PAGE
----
This is the time of year when the reality of life at the bottom of the NBA standings makes coming to the games seem like a major chore.
That’s why Jazz fans deserve credit for their attendance Monday night, when Gordon Hayward scored 32 points but the other players were mostly no-shows in a 114-94 loss to lowly Detroit at EnergySolutions Arena.
Jazz at home
With six home games remaining, the Jazz have a 15-20 record at EnergySolutions Arena. The worst home records in the franchise’s Utah era:
1979-80 » 17-24
1981-82 » 18-23
2004-05 » 18-23
1980-81 » 20-21
When the Jazz (23-48) have the fourth-worst record in the league, everything about the nightly production feels manufactured and overdone. The music’s too loud. The bold, giant screens merely magnify the team’s mistakes. Even the Kiss Cam seems silly. And the pregame intro video? Wow. Do we really need to keep seeing Andris Biedrins, Brandon Rush and John Lucas III with glowering, menacing looks?
This is a forgiving, appreciative sports market, but Utahns never should have to endure another season like this one. There’s a strategy in place to keep that from happening, starting with a high draft pick in June and the development of young players who have shown intermittent promise.
The Jazz have asked a lot of their fans this season, and they’ve stuck with the team to a remarkable degree. Even if the 2013-14 attendance will be the lowest in the 23 seasons of ESA’s existence, an average crowd of 18,000-plus is impressive to me.
The fans in the building obviously care about winning, even when the Jazz stand to gain from losing. They moan about missed shots, buzz when a 3-point attempt floats through the air and celebrate victories, although there’s no comparison to the atmosphere of the old days — like, six years ago.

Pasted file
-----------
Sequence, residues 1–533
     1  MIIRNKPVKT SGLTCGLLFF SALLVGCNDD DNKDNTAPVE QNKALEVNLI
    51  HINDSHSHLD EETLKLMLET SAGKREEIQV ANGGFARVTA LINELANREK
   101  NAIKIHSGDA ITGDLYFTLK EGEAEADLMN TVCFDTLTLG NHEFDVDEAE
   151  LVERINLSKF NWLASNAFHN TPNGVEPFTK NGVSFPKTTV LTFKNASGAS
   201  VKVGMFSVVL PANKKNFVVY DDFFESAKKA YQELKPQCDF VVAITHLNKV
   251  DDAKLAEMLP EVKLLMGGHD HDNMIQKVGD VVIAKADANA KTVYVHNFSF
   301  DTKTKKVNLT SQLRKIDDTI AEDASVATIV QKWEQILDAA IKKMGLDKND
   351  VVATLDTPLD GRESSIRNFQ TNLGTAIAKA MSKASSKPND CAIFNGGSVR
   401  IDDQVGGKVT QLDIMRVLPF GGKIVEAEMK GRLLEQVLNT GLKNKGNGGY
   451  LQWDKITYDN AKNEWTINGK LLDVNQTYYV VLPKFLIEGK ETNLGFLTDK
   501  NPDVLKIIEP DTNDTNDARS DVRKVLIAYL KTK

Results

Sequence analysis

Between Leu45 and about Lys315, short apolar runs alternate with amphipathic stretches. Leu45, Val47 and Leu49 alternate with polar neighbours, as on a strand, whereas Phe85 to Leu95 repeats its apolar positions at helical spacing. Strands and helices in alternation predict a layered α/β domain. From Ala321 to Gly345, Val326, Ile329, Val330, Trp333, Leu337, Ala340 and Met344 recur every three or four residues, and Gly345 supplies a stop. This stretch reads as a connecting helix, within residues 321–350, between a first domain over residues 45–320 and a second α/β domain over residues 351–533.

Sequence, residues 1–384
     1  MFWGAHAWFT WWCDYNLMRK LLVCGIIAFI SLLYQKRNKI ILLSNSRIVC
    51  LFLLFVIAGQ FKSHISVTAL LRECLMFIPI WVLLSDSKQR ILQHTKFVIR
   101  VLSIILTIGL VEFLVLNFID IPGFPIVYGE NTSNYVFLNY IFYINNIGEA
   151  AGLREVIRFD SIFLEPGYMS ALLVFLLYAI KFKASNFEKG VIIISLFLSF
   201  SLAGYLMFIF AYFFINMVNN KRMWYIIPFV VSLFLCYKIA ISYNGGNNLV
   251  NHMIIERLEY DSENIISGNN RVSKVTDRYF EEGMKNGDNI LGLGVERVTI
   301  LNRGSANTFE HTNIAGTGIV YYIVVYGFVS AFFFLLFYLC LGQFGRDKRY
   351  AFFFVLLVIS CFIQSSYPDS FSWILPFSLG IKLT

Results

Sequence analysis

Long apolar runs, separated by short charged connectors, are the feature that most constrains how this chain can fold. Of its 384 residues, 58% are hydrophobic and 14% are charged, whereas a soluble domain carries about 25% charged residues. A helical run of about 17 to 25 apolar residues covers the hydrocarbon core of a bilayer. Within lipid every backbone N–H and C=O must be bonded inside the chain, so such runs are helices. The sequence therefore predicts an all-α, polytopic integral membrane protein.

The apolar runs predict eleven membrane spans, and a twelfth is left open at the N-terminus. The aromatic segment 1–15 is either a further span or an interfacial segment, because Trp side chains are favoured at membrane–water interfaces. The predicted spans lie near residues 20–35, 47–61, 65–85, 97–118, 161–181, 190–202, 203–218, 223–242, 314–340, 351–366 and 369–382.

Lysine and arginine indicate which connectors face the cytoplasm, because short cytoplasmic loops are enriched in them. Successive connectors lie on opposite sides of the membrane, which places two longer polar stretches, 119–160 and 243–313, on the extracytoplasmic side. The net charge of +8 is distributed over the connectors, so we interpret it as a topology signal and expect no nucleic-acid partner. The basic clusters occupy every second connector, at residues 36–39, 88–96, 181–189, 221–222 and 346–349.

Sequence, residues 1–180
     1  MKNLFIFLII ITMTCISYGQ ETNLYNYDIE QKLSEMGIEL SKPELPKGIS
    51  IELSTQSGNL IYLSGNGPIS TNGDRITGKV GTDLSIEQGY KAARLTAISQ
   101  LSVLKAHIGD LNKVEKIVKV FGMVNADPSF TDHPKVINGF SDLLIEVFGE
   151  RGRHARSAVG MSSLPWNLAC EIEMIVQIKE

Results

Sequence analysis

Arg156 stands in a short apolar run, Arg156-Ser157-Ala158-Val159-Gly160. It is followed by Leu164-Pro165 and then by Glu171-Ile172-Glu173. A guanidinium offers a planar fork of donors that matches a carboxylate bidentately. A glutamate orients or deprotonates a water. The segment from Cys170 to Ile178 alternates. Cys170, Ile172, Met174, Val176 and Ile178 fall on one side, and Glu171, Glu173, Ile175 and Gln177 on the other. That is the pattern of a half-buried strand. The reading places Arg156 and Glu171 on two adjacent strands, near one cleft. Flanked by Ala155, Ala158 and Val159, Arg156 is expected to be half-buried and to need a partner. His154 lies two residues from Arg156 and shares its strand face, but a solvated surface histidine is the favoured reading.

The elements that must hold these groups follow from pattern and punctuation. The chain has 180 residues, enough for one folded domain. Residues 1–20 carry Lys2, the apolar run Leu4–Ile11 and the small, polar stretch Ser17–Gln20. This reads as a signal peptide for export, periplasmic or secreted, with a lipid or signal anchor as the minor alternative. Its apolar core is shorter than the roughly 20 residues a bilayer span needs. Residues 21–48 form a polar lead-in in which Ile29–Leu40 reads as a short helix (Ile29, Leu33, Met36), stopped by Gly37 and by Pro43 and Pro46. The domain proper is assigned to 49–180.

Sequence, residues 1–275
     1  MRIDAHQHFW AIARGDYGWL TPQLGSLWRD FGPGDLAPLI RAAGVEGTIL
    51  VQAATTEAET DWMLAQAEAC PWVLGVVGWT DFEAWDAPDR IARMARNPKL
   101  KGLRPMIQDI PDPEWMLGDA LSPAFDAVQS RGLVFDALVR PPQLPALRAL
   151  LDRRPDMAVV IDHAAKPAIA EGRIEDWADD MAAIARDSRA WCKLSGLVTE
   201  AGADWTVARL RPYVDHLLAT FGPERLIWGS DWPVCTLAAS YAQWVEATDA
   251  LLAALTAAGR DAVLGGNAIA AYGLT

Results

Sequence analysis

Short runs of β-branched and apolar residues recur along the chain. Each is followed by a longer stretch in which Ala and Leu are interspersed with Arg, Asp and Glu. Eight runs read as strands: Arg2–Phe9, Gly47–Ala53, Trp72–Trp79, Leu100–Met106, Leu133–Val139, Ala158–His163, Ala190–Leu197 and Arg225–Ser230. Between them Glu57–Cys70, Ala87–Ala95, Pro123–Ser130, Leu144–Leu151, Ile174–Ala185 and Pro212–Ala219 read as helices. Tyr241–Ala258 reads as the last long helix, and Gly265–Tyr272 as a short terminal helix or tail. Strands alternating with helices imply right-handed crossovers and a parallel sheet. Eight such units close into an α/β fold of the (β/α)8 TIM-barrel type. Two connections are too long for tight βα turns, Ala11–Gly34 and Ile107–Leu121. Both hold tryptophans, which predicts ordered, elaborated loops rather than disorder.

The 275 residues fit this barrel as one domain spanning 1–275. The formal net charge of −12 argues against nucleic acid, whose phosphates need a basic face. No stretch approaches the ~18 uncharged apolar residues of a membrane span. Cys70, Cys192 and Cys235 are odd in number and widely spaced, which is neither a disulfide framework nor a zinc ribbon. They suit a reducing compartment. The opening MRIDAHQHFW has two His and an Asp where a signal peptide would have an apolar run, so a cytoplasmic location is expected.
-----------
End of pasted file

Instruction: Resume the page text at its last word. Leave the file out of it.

Robert Olson remembers. The Farmington resident became a Jazz fan in the Deron Williams era, when the team went 37-4 at home in 2007-08 and ESA was "completely rocking," he said.
It’s different now, on the court and in the stands, although Monday’s announced crowd (17,595) was decent, considering the opponent. And most of them were surprisingly tolerant of such a lousy effort, staying longer than they should have and hardly booing at all.
Detroit "outworked us," said Jazz coach Tyrone Corbin, whose team lacked "a sense of purpose."
Prior to Monday, I could pinpoint five home games with no redeeming value — losses to Denver in November, San Antonio in December, Minnesota in January and Toronto and Minnesota in February.
Those were balanced by some memorable games, including Diante Garrett’s debut in a victory over New Orleans, Derrick Favors’ winning dunk against the Los Angeles Lakers, Hayward’s 37 points in a defeat of Oklahoma City, the team’s poised effort in beating Miami and Trey Burke’s winning 3-pointer against Orlando last Saturday.
Those successes apparently were enough to keep people coming back.
"From all the comments I hear from people that are coming to the games, they enjoy watching the young guys get better," Corbin had said earlier. "That’s great for our fans. They understand where we are. … We’re being evaluated, and our fans deserve to make sure they’re getting their money’s worth."
They’re not deceived, though. Olson appreciates how the Jazz have given season-ticket holders additional benefits. "You can tell they are really trying to go the extra mile to make you feel valued — which is nice, because the team is terrible," he said.
Walking around the upper concourse, Chad Robbins of Herriman stopped to explain why he brought his 7-year-old son, Blake, to ESA for a meaningless late-March game. "Free tickets," Robbins said. "We used to come a little more, but not now. It’s not worth the money."
And then I found another father and son who’d spent exactly $3.08 for two tickets via Stub Hub. They overpaid, based on the product that was served up Monday.
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